In the early days of Google+, they were locking accounts left, right and centre if they believed you weren’t using your real name. This caused a lot of outrage because, as many of you know, a lot of people have online personas that are different from their RL ones. It also caused confusion for brands who wanted to have some form of representation on the social networking site. Nobody was safe, even Nike and Coca-Cola had profiles removed.
However, during a Web 2.0 conference in San Francisco recently, Sergey Brin, Google Co-Founder, and Vic Gundotra, Senior Vice President of Social Business, announced that Google+ will be allowing “other forms of identity”, meaning those of you who go by a pseudonym can rest happy knowing your account won’t be locked without warning. Other announcements that were made during the conference were that branding pages for businesses will be rolling out of the next while. So we’ll hopefully have a Pop Culture Monster one up and running as soon us. (Until then though, you can find him and add him here. Oooh, prohibited!)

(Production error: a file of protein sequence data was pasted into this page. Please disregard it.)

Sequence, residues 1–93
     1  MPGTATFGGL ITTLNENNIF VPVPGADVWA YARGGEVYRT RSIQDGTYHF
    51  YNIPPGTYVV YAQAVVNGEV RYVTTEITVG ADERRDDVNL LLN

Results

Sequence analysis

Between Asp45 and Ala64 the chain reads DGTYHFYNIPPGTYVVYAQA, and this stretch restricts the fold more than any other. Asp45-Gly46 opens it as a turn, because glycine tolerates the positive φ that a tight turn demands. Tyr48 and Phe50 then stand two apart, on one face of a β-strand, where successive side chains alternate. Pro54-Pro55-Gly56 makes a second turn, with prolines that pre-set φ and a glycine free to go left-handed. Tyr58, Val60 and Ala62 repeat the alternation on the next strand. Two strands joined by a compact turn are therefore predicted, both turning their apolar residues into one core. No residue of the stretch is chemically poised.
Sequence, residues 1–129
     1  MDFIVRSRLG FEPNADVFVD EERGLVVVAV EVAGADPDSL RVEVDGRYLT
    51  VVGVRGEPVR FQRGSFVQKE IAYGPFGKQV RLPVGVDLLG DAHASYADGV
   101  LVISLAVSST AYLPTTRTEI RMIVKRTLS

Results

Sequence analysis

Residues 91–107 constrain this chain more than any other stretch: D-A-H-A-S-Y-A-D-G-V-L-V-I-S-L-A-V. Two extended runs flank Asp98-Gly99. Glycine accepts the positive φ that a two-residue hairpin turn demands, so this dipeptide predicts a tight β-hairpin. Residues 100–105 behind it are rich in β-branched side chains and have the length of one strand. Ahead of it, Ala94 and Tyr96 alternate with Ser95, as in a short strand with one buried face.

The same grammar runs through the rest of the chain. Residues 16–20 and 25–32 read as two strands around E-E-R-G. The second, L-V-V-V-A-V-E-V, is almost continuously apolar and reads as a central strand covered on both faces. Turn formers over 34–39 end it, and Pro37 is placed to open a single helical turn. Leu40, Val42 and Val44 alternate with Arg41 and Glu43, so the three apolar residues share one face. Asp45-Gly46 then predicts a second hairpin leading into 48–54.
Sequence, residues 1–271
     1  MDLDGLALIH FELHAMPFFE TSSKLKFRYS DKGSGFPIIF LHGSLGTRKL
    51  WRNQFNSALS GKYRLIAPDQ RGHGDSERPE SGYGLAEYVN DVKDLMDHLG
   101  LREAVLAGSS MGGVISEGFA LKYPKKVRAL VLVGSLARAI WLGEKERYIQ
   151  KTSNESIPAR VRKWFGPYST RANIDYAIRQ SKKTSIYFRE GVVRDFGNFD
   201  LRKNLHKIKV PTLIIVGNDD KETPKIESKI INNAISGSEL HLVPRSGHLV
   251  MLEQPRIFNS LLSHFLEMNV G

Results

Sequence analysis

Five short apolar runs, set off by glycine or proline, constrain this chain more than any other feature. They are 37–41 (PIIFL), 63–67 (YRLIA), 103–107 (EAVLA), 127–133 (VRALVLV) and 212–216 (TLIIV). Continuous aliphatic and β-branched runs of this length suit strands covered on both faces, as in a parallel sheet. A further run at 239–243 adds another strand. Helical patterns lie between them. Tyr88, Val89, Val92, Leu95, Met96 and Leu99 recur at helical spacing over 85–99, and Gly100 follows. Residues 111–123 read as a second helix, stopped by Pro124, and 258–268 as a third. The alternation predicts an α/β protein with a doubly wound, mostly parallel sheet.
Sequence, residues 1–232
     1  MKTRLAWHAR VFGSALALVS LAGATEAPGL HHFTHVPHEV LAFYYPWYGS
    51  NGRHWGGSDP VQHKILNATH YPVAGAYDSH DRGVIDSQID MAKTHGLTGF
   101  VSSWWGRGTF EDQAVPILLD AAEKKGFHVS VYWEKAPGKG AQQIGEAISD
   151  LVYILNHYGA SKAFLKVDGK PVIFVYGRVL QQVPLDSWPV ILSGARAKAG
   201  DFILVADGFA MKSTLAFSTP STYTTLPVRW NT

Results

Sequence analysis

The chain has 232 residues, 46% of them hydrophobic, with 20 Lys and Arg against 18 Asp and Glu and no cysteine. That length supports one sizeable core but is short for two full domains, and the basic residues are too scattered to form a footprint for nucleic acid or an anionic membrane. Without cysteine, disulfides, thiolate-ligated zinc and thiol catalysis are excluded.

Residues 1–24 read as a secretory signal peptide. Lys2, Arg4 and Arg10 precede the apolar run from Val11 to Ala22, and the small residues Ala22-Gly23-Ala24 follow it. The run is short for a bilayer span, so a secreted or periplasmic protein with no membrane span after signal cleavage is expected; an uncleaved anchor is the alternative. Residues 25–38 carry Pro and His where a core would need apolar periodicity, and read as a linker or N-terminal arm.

What’s more is, they announced that these were planned all along. The reasoning behind the lockdown on pseudonyms was explained: it was implemented to allow the development team time to get more important things in place. It makes sense as Google+ didn’t have the leisurely rollout that other networking sites had, granting time to implement changes and measures slowly and as appropriate. So they basically curbed usage in other ways so as to contain it however they could. It’s still unclear if G+ is the way forward in social networking, but with these changes it’s definitely opening itself up to further expansion and user-friendliness.
(story via Techland)